Even as Anna’s movement against corruption gathers more and more steam, we need to put things in proper perspective and understand what measures are needed to tackle this multi-faceted phenomenon
First, we have to define corruption . In my opinion, it is a very complex phenomenon and its roots lie deep in the functioning of political, bureaucratic, commercial institutions involving a variety of stakeholders encompassing individuals in the public and private sectors.
In definitional terms, corruption is any action (or set of actions) where institutions/people abuse their (public/private) office for a private gain. It requires two or more parties acting in concert—parties who are misusing the office and parties who benefit from such misuse. Such an abuse of office for private gain happens when the individuals/institutions concerned accept, solicit, and/or extort a bribe. It is also abused when intermediaries/agents actively offer bribes to circumvent policies and processes for competitive advantage and profit. The office can also be misused for personal benefit even if no bribery occurs at all—for example, through patronage and nepotism based on family/other relationships, the theft of state/private institutional assets by people in positions of power, and/or the diversion of state/institutional revenues to private parties. Corruption can further be categorised as either spectacular corruption (like in the case of the 2G or Commonwealth Games or Bellary Mines or Adarsh Housing Society) or regular corruption (bribes to get things done on a day-to-day basis). Of course, one must also not forget fraud and associated evils that can and do take place in the private/public sector, often with disastrous and costly results. Weakly regulated financial systems permeated with fraud can undermine savings of people, increase transaction costs, enhance indebtedness and impose very high economic costs when they collapse.
This, in many ways, suggests the broad context of corruption in India and the key question is how can this multifaceted phenomenon of corruption be fought? Can one institution like the proposed Lokpal help fight this menace? What then are the implications for the design of the Lokpal?
First, let us clearly recognise the fact that the Lokpal is perhaps but one crucial step in the fight against corruption. More importantly, the RTI (Right to Information) Act was perhaps the first step in this process and the Lokpal Bill, if and when it gets through, could be the second crucial step.
Second, that said, to be effective, the Lokpal must be appropriately designed. Specifically, the scope of the Lokpal must be clearly thought out in terms of whom it will cover and for what kinds of corruption. Careful thought must be provided to this and a proper balance needs to be achieved, keeping in mind practical feasibility: (a) A very large (bureaucratic) organisation could become unwieldy and perhaps even counterproductive; and (b) A very narrow scope for the Lokpal could reduce its effectiveness, especially from the perspective of tackling corruption at the aam admi level. Therefore, deciding on the scope of Lokpal is a very critical issue and it would be prudent to have wider country-wide consultations on the same and ensure that it has the proper scope to be an effective institution on the ground in terms of tackling country wide corruption.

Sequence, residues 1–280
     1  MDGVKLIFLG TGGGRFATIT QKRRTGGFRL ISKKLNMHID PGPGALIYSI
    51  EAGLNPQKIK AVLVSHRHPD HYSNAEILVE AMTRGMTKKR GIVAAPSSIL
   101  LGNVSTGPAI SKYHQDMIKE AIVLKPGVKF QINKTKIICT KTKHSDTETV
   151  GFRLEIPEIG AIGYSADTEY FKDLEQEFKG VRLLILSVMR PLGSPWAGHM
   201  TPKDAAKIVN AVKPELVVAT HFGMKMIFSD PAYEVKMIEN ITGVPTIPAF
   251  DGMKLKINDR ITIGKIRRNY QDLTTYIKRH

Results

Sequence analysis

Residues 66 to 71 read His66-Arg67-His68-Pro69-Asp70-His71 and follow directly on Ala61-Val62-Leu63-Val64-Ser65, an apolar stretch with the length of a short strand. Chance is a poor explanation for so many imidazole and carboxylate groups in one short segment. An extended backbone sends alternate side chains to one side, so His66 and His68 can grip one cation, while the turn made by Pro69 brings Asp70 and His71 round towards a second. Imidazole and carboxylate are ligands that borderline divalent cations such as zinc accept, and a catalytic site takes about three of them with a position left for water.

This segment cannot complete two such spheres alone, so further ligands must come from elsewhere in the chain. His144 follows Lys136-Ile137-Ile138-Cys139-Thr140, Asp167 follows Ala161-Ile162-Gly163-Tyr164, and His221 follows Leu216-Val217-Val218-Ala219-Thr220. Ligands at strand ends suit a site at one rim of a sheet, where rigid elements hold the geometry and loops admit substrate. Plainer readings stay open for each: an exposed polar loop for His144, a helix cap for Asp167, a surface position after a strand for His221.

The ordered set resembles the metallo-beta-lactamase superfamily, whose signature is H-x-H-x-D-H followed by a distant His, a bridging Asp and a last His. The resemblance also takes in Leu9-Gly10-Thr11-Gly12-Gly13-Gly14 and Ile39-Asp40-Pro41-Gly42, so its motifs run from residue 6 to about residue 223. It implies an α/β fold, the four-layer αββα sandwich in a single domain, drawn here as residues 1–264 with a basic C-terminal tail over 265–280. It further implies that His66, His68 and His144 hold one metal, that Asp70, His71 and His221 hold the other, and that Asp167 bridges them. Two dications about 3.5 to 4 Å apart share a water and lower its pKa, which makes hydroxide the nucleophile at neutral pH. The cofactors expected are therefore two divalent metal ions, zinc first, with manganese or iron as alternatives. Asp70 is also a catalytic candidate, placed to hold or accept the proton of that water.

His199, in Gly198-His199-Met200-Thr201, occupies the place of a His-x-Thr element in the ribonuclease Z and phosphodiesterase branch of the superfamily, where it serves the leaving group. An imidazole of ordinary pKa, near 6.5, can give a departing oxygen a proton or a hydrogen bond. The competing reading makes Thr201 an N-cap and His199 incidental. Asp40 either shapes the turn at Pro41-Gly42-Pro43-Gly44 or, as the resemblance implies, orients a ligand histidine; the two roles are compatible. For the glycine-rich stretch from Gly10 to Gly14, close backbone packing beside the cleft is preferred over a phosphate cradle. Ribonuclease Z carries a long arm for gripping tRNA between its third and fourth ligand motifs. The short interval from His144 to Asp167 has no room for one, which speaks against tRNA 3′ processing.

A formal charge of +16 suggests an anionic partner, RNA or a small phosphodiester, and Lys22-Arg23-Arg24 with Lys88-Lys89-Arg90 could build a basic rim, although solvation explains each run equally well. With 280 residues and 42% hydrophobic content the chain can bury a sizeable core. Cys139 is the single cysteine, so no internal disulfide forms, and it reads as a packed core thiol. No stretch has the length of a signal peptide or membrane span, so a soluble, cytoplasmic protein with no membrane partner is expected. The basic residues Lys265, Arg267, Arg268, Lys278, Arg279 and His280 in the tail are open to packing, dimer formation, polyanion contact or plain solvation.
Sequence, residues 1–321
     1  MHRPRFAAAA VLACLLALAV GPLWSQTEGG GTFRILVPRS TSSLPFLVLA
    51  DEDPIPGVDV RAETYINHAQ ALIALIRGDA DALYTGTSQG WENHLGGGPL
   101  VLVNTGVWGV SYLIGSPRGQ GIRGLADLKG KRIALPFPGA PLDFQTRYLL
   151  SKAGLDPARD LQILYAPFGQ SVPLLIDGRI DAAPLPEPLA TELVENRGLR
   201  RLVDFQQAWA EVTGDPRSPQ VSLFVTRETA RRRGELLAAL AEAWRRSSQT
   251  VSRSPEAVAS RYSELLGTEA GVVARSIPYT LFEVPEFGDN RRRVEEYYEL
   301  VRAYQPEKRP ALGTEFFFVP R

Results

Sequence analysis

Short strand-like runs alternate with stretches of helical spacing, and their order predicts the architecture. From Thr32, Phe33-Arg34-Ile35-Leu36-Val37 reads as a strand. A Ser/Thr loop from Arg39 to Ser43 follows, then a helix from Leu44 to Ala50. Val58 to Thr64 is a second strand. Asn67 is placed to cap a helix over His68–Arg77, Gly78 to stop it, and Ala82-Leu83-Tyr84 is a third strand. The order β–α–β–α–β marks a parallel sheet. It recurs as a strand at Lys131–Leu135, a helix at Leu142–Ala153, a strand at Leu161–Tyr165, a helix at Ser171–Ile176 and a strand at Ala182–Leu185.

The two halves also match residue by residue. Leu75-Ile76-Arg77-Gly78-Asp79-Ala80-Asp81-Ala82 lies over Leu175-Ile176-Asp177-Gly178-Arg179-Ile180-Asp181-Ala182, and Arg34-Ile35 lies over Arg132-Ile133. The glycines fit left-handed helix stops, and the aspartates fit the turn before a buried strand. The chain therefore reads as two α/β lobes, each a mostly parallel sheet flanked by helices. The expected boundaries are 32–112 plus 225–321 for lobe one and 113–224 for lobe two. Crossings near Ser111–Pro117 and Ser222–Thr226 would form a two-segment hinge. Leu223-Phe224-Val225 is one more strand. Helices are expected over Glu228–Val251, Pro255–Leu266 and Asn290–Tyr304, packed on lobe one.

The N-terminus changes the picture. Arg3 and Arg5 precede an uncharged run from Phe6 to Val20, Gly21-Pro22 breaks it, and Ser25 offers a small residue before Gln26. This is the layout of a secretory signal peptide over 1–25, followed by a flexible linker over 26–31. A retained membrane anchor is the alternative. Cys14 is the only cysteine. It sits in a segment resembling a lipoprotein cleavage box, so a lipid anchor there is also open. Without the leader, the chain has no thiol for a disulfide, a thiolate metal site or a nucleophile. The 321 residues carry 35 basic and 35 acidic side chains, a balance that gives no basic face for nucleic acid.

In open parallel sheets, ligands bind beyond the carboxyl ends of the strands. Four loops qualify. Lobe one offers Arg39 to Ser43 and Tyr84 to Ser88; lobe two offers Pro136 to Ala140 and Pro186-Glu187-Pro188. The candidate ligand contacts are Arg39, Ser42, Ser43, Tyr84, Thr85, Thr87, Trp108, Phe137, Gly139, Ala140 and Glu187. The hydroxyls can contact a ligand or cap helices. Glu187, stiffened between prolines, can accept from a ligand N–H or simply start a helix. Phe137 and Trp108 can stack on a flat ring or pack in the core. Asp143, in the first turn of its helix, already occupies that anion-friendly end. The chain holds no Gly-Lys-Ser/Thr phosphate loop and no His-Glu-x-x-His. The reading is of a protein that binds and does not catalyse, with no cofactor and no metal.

Third, the Lokpal must be truly independent and also seen to be independent in terms of the process of selection of its members as well as its larger accountability as an institution. Without question, the Lokpal must therefore be established as a fully autonomous body capable of fulfilling its mandate. And under no circumstance, should the Lokpal be under the tutelage of the people/institutions who are to be investigated (by it) in the first place. Thus, there should be no conflicts of interest what-so-ever and the Lokpal must be made accountable to people/institutions who do not fall under its jurisdiction. All of the above would have to apply to the Lokayuktas as well. This is a very tricky issue and must be addressed suitably—if indeed, the Lokpal is to be effective in rooting out corruption.
Last, many aspects of corruption (like bribery) call for a giver of the bribe and that calls for significant attitude change across wide sections of society in India. I hope that the Lokpal and the associated Lokayuktas, therefore, also have provisions for awareness campaigns that emphasise to the public, the need to refrain from giving bribes. This, in my opinion, is perhaps the toughest task for the Lokpal as without this attitude change among the people, very little can be achieved in fighting corruption. This issue should not be underestimated because people must then be prepared to wait in line to access various goods/services—in other words, they must be ready to not jump the queue. This is certainly a huge ask in a country of over a billion people, many of whom are in a tearing hurry. To help catalyse this on the ground, the demand supply gap in delivery of goods/services would also have to be reduced and unnecessary bureaucratic approvals/procedures (which are perhaps the cause of bribery in the first place) eliminated. Of course, India could also look at the United Kingdom and Bhutan which have just enacted an anti-bribery act, which also provides disincentives and penal punishments to the bribe-giver… let us not forget them in this whole matter as without them, much of the corruption would not exist.